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By William Elliott, MD, FACP, and James Chan, PharmD, PhD
Dr. Elliott is Assistant Clinical Professor of Medicine, University of California, San Francisco.
Dr. Chan is Associate Clinical Professor, School of Pharmacy, University of California, San Francisco.
Drs. Elliott and Chan report no financial relationships relevant to this field of study.
The FDA has approved a second zoster vaccine for the prevention of shingles in adults. In contrast to the first vaccine (Zostavax), which is a live attenuated vaccine (ZVL), zoster vaccine recombinant adjuvanted is non-live and comprised of the surface glycoprotein E antigen component (HZ/su). This vaccine is marketed as Shingrix.
HZ/su is indicated for the prevention of herpes zoster (shingles) (HZ) in adults ≥ 50 years of age.1
The recommended dose is 0.5 mL given intramuscularly at zero and two to six months.1 HZ/su is available as a single-dose vial of lyophilized varicella zoster virus glycoprotein E antigen component to be reconstituted with the accompanying vial of AS01B adjuvant suspension component.
HZ/su is more effective than ZVL in vaccine efficacy.
HZ/su requires two injections, compared to a single dose for ZVL. There is potential for reduced adherence with the second dose.
Efficacy was evaluated in two randomized, placebo-controlled, observer-blind clinical studies.1,2 Study 1 included subjects ≥ 50 years of age. Study 2 included subjects ≥ 70 years of age. In study 1, subjects were randomized to HZ/su or placebo and stratified by age: 50-59, 60-69, 70-79, and ≥ 80 years. The researchers excluded immunocompromised subjects, those with a history of previous herpes zoster, or those who were vaccinated against varicella or HZ. Subjects were followed for a median of 3.1 years. The primary endpoint was confirmed cases of HZ. In an analysis population of 14,759 subjects, HZ/su reduced the risk of developing HZ by 97.2%, with no clear differences among the age stratum. No cases of postherpetic neuralgia (PHN) were reported in the vaccine group, compared to 18 in the placebo group. Study 2 randomized subjects 70-79 and ≥ 80 years to HZ/su or placebo with a median follow-up of 3.9 years. In an analysis cohort of 13,163 subjects, vaccine efficacy was 89.8%. Pooled data from the two studies showed vaccine efficacy of 91.3% for those ≥ 70 years of age. There were four cases of PHN in the vaccine group vs. 36 in the placebo group. The efficacy of HZ/su is more effective than reported with ZVL. A review of three large retrospective, nested, case-control studies totaling approximately 2.4 million mainly immunocompetent subjects showed a real-world effectiveness of ZVL of 48-55% in reducing the incidence of HZ and 59-62% in reducing postherpetic neuralgia.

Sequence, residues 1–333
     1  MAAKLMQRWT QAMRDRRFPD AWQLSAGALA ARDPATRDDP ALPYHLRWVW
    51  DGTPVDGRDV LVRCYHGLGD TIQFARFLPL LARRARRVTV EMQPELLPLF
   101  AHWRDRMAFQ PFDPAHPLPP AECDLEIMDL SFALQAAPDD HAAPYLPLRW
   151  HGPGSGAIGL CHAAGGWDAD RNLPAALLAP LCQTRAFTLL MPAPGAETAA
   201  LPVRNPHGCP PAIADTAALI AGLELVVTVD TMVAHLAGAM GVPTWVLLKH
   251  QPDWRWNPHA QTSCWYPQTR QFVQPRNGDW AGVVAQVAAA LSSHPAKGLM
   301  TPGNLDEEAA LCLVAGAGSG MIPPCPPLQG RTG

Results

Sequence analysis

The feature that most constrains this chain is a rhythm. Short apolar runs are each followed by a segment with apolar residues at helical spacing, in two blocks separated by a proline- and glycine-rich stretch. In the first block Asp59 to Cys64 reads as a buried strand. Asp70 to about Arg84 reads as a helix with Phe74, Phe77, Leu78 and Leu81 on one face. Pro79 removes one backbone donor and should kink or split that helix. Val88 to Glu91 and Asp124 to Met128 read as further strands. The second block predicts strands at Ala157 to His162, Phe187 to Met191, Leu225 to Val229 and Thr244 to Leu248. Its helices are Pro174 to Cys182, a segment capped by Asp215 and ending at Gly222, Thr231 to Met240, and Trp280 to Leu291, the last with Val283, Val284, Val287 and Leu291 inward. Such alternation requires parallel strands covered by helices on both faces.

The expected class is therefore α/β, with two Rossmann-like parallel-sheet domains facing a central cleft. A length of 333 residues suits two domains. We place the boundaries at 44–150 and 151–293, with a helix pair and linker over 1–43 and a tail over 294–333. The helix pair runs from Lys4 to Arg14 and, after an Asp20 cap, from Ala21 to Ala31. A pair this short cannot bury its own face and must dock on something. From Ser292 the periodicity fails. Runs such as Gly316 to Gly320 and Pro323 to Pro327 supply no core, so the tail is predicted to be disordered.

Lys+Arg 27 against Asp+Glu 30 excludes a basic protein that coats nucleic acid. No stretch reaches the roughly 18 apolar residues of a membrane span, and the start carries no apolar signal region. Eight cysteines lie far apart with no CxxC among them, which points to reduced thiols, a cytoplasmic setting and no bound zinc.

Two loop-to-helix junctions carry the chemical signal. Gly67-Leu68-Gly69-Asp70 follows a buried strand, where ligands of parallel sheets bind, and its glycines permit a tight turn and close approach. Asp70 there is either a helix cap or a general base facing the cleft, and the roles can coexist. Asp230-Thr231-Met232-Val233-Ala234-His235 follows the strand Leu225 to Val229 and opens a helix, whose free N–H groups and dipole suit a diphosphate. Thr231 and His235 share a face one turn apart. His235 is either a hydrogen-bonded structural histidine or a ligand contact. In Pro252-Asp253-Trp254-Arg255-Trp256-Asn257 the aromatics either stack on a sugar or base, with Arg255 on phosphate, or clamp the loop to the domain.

In an open-label study, there was no interference reported between HZ/su and a quadrivalent influenza vaccine (Fluarix).1 In patients with a prior history of herpes zoster, HZ/su has been shown to induce immune response of 90% (95% confidence interval, 82-96%) based on anti-glycoprotein E antibodies one month after the second dose.5 In adults previously vaccinated with ZVL, immune response to HZ/su was noninferior to those previously not vaccinated.6 The most common adverse reactions associated with HZ/su are pain, redness, and swelling at the injection site. Others include muscle pain, tiredness, headache, shivering, fever, and upset stomach.1
Shingles is caused by the reactivation of dormant varicella zoster virus. Older individuals are at higher risk because of the reduced ability of the immune system to prevent activation. The disease usually occurs between ages 50-79 years, with an overall incidence of 2.0-4.6 cases per 1,000 person-years and increases to 10-12.8 per 1,000 person-years in those ≥ 80 years of age.2,7 Postherpetic neuralgia is a complication of shingles that occurs in 20% of cases in individuals between 60-65 years of age and approximately 30% in those > 80 years of age.7 HZ/su offers a more effective vaccine and is recommended by the Advisory Committee on Immunization Practices for the prevention of herpes zoster and related complications for immunocompetent adults ≥ 50 years of age, for adults who previously received Zostavax, and is preferred over Zostavax.8 The cost for Shingrix is $280 for two doses.
Financial Disclosure: Infectious Disease Alert’s Editor Stan Deresinski, MD, FACP, FIDSA, Peer Reviewer Patrick Joseph, MD, Updates Author Carol A. Kemper, MD, FACP, Peer Reviewer Kiran Gajurel, MD, Executive Editor Shelly Morrow Mark, Editor Jonathan Springston, and Editorial Group Manager Terrey L. Hatcher report no financial relationships to this field of study.